Plastic: friend or foe

Berkhamsted Living Magazine Plastic Free Berko

Although we use them every day, plastics are very unnatural. Their dense material is so different from most substances that have evolved on Earth. Think about it, when you pull a piece of paper apart it will tear quite quickly. If you then put that paper in a bin with waste-food it will slowly disintegrate into the surrounding organic substances.

While plastic is incredibly useful for human beings, it does not obey the organic process of decomposition. Plastic becomes brittle, and most alarmingly then breaks down into powders of infinitesimal bits of plastic that pollute our soil, rivers, lakes and sea, all of which provide our water supply. These bits of plastic are very hard or even impossible to collect and destroy. Most animals including us human beings now have these bits in our bodies.

We use plastic to wrap our food, to use various clothing items made from it, and to drink large amounts of water from bottles made from it. However, as a species we have now become aware that we have created a monster of immense proportions. The villain of the piece is of course the single-use plastic bag.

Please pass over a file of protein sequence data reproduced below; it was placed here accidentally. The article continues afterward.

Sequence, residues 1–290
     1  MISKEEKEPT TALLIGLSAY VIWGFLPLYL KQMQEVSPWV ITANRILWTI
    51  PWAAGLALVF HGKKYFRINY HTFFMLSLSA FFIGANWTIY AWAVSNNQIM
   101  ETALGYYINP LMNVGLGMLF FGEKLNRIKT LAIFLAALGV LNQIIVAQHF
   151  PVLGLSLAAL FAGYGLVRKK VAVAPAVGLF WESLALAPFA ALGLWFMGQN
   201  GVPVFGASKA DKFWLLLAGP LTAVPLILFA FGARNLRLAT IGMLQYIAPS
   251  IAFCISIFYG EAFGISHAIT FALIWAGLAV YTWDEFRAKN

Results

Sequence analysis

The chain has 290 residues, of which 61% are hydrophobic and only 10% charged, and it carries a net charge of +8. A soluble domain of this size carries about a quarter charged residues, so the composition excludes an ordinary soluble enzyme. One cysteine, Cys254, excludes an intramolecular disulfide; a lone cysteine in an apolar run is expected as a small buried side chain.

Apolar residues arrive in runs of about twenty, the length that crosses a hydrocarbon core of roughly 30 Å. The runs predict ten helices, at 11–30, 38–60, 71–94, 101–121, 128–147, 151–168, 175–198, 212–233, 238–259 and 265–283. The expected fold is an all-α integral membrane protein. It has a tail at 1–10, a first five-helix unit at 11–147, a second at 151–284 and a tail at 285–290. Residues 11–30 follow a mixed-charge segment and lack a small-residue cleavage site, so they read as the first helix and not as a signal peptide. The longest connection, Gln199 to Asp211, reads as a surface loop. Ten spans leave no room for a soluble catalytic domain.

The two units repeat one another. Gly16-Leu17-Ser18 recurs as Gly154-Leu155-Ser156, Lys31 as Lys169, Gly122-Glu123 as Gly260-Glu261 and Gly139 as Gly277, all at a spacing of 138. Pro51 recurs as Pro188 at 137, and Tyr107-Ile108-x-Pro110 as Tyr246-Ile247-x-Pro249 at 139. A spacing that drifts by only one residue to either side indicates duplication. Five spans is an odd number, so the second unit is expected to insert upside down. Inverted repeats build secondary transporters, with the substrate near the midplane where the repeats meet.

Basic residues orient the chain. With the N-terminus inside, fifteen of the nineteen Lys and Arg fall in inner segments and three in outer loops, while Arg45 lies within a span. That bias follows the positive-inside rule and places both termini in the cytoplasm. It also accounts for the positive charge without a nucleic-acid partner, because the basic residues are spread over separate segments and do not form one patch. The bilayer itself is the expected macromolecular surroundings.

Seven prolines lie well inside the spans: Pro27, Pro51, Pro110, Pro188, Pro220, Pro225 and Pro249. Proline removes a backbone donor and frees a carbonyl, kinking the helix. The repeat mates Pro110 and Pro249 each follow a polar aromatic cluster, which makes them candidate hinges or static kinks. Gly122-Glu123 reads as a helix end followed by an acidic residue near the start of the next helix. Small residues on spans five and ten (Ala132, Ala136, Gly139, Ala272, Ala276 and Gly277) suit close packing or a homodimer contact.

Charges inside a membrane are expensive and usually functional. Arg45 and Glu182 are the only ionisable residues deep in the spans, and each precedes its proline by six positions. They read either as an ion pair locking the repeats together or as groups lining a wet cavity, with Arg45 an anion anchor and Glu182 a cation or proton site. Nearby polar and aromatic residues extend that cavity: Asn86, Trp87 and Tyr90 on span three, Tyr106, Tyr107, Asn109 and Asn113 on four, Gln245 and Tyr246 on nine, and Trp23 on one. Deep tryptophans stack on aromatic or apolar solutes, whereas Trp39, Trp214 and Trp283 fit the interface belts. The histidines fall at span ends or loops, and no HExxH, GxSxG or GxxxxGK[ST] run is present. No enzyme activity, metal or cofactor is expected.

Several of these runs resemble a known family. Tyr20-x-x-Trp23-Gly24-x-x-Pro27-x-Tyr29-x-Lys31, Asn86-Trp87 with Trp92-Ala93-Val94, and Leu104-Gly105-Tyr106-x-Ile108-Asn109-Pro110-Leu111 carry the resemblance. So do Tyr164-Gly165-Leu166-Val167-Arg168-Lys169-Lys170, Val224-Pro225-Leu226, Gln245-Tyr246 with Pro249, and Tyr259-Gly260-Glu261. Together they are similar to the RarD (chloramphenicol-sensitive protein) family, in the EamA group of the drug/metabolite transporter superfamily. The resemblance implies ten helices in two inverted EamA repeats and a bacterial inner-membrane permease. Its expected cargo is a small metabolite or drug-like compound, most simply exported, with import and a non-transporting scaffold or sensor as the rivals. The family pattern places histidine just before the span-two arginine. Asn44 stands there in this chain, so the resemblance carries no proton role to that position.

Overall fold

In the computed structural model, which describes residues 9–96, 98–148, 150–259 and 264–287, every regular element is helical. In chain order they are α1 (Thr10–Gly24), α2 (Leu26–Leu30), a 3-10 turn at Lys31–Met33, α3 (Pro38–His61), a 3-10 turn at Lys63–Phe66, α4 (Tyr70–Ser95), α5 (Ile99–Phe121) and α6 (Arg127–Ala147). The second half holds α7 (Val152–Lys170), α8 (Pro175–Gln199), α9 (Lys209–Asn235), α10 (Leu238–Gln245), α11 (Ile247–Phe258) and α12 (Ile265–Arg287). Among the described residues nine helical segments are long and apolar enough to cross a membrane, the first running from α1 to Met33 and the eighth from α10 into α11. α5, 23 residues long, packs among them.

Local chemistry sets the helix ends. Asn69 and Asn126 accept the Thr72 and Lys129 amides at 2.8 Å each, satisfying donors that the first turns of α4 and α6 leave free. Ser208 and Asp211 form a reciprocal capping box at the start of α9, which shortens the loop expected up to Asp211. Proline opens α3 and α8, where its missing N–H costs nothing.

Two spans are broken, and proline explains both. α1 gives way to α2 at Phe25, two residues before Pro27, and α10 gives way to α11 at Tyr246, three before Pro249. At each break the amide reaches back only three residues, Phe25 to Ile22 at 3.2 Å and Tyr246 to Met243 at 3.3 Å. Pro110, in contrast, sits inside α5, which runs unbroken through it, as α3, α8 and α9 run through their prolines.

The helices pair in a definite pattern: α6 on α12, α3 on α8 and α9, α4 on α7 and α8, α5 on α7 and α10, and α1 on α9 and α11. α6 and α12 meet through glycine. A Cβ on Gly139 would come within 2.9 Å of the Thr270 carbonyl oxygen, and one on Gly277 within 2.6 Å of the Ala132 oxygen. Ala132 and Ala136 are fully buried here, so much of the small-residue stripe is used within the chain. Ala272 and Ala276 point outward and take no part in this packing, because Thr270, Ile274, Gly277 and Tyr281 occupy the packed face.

Even Michael Gove despaired of the sight of exported plastic bags (from well-known supermarkets in the UK) languishing on huge rubbish sites in the Far East. What right do we have to export our inhuman materials to more natural areas of the globe where people do not yet have an economy that can neither refuse rubbish from richer countries, nor deal with that rubbish themselves?

In Berkhamsted there has been a considerable focus on plastic both within a campaigning group called Plastic-free Berko (see on Facebook). There you will find all sorts of replacements for conventional use of plastic i.e. the ubiquitous plastic bottle can be made redundant by purchasing other types of metal reusable bottles. Many personal hygiene products are now available without plastic. One campaigning tactic used was to talk to supermarkets about unnecessary plastic packaging. Both Waitrose and Tesco were amenable to the group’s ideas, but the tide of plastic remains there for all to see.

Please do look at their Facebook page for the heroic and imaginative replacements for plastic, especially in the area of make-up, skin creams and, of course, bags.